[25] In another more preferred embodiment, the first and second biocompatible polymers are independently selected from polyimide, polyamide, epoxy and polyisocyanurate.

[26] In a fourth embodiment, the present invention provides a novel process for manufacturing a seed, comprising:

(1) blending a radionuclide suitable for brachytherapy and a resin to form a mixture;

(2) transfering the mixture into a biocompatible capsule;

(3) curing the mixture; and,

(4) sealing the capsule.

[27] In another preferred embodiment, the radionuclide is selected from Pd-103 and I-125.

[28] In another preferred embodiment, the resin is selected from epoxy, polyurethane, polyimide, and polyamide.

[29] In another preferred embodiment, the biocompatible capsule is comprised of a material selected from the group: titanium, aluminum, magnesium, and plastic.

[30] In another more preferred embodiment, the biocompatible capsule is comprised of titanium.

DESCRIPTION Biocompatible Capsule

Biocompatible, as used herein, is intended to indicate a material which is medically acceptable to be placed within a patient for a sufficient length of time to affect brachytherapy treatment. A biocompatible capsule, as used herein is a sealed tube encapsulating (i.e., housing) the other components of the seed. The biocompatible material is preferably of low atomic weight, for example, titanium, aluminum, magnesium, or plastic. The plastic could be selected from a variety of polymers, including polyethylene terphthalate, polyimide, polyamide, polytetrafluoroethylene polycarbonate, and ethylene-tetrafluoroethylene copolymer. It is preferred that the capsule have an open end and a closed end. The capsule is preferably sealed with a suitable end cap using mechanical techniques such as swaging or laser/electron beam welding or by using an equally impervious sealing agent, adhesive, glue or similar sealant.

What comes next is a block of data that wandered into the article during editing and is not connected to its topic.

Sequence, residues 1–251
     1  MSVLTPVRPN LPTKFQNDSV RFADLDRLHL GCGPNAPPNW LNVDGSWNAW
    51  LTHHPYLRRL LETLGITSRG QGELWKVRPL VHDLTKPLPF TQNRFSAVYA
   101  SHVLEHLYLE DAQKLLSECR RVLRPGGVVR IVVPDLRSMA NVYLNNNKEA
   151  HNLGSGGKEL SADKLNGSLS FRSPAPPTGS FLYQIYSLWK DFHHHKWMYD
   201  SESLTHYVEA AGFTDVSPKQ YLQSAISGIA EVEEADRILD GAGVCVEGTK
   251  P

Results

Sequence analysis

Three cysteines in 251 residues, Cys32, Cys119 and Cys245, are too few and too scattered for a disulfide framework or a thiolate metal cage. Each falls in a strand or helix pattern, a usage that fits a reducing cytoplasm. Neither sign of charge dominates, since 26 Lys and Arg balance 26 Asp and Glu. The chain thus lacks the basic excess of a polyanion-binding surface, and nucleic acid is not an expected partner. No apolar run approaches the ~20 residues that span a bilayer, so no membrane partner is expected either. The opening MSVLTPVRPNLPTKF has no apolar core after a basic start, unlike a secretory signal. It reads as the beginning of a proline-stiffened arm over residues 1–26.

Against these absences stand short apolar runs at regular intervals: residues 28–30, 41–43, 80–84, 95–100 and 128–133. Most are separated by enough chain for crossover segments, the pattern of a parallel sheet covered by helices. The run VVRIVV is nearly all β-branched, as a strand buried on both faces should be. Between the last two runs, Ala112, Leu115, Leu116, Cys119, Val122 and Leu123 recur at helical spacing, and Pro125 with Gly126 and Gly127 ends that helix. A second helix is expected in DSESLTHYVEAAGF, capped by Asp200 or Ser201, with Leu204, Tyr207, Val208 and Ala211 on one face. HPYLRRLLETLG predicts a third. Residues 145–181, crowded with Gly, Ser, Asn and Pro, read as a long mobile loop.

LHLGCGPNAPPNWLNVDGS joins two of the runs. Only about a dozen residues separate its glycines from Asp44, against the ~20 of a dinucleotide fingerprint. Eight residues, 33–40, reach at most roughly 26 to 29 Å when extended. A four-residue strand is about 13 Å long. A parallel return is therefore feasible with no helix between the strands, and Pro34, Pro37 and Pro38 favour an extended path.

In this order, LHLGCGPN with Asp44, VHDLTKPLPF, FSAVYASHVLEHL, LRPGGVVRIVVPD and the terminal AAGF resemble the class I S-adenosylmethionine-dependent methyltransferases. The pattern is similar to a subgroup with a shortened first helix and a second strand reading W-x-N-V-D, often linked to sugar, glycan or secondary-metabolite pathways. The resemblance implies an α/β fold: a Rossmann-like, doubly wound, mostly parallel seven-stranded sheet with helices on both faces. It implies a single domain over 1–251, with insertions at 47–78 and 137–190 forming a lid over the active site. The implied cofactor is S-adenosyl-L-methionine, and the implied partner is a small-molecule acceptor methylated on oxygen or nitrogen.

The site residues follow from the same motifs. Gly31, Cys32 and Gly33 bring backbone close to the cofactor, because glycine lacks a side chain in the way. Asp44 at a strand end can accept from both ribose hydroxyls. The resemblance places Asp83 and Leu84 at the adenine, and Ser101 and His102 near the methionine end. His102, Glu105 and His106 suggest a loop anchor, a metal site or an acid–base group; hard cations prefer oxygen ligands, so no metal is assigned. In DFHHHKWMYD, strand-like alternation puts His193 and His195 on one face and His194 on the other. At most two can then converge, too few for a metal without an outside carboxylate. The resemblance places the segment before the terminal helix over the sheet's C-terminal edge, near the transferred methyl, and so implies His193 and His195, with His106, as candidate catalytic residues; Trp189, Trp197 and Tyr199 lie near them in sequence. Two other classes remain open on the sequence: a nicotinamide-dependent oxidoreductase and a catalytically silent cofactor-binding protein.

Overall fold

The size of the capsule will depend on its therapeutic application and its contents. Preferably, the capsule is no longer than about 0.180 in. The outer diameter is preferably about 0.32 in. The inner diameter is preferably about 0.28 in. The wall thickness of the capsule is preferably about 0.002 in. In order to seal the capsule, an end plug is usually needed. This plug is preferably about 0.028 in. long and has an inner diameter of about 0.026 in. and outer diameter about 0.028 in.

When the capsule contains two lengths of cured mixture and an X-ray marker, it is preferred that each length of cured mixture is from about 0.025-0.048 in. long with a diameter of about 0.022-0.025 in. When the capsule contains one length of cured mixure, it is preferred that the mixture is from about 0.075-0.110 in. long and from about 0.022-0.025 in. in diameter.